Polls show the Greens have a chance to achieve greatness in 2024

Green Party co-leader Carla Denyer, photograph from her blog.

The Green Party are currently averaging around 6% in opinion polls – enough to win 2 seats at the general election this year. It hardly sounds like a breakthrough, but beyond headline voting intention there’s a story developing that gives hope for a Green surge in 2024. Let’s take a look…

Keir Starmer is deeply unpopular

Despite Labour being, on average, 20+ points ahead in the opinion polls, Keir Starmer is a deeply unpopular figure among the general public. Around 44% of people currently intend to vote Labour at the general election this year, but according to Ipsos only 25% of the public approve of the job Keir Starmer is doing as Labour leader. 56% are dissatisfied. For Labour this is quite a worrying starting point to kick off a general election campaign.

Green Party policies, dropped by Labour, are popular with the public

According to surveys by YouGov, the general public consistently and overwhelmingly support policies to tackle climate change and achieve net zero carbon emissions by 2050; rent controls; nationalisation of rail, mail, energy, healthcare and water; A higher minimum wage; higher taxes on the rich and peace in the middle east. Keir Starmer has largely abandoned the progressive, left-wing policy platform on which he won the Labour Leadership election in 2020, and has instead positioned the Labour Party as socially conservative, pro-big business and pro-privatisation in order to court favour with the right wing press.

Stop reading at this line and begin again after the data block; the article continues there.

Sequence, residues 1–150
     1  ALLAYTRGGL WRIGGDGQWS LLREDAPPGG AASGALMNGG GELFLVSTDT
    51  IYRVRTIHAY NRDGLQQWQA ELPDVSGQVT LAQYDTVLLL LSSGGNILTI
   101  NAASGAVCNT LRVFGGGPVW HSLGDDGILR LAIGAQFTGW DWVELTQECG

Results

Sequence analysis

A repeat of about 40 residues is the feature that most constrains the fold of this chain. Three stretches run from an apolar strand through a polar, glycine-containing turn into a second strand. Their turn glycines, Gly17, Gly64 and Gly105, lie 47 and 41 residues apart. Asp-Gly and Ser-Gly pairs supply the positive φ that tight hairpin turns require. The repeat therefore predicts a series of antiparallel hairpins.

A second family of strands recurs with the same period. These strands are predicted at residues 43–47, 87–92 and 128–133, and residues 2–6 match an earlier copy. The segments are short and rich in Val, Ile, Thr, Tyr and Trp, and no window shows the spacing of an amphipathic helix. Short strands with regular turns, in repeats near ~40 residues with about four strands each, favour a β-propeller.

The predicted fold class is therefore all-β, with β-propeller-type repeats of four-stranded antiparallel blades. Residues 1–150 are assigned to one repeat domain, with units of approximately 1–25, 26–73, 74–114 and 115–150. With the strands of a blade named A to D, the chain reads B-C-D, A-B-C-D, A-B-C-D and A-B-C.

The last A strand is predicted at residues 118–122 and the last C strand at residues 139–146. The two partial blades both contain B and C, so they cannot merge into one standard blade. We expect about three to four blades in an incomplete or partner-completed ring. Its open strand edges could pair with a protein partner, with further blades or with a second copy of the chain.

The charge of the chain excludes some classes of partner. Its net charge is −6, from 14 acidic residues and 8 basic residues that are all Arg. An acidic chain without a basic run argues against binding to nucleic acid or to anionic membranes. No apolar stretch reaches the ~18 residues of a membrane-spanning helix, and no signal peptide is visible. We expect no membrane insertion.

The public really, actually like the Green Party

Opinion polling regularly shows that the Green Party are the most “liked” party in the UK, the Green candidate for the 2024 London Mayoral election is the only one with a net positive favourability rating, in preferential elections voters often give Greens a hefty number of second preference votes, voters regularly believe “good” fictional characters like Father Christmas & Doctor Who would vote Green and a recent Ashcroft poll asking the likelihood that voters will back each party in a general election put the Greens on a whopping 13%. Voters genuinely like the Green Party – the Greens are the “good guys”. When voters know the Greens have a chance of winning – in elections with proportional voting systems – they vote Green in much larger numbers than in first-past-the-post elections.

So What?

According to current headline voting intention, Labour will win in an absolute landslide victory at the next General Election. The Conservatives will be decimated – maybe even wiped out entirely – and the Greens will gain only a handful of seats at best. But that’s not the whole story. Keir Starmer’s deeply unpopular Labour Party is winning by default, so can the Greens capitalise on their popularity with the public and present themselves as a credible alternative to voters?

Many voters would love to vote Green, but don’t think they can win elections. The Green Party’s task over the coming months is not just to make the public like them, it’s to help the public truly believe that voting Green means electing a Green MP. That it’s not a wasted vote. That they can wake up one sunny Friday morning in 2024 to many, many Green voices in Parliament, not just 1 or 2 or 4. This will be the true test of Carla Denyer & Adrian Ramsay’s leadership. Their legacy.

Four our sakes, let’s hope they meet the scale of the challenge.

Daniel Johnston Menezes

Game developer, font designer and founder of earthize.org, involved in green activism for over a decade.

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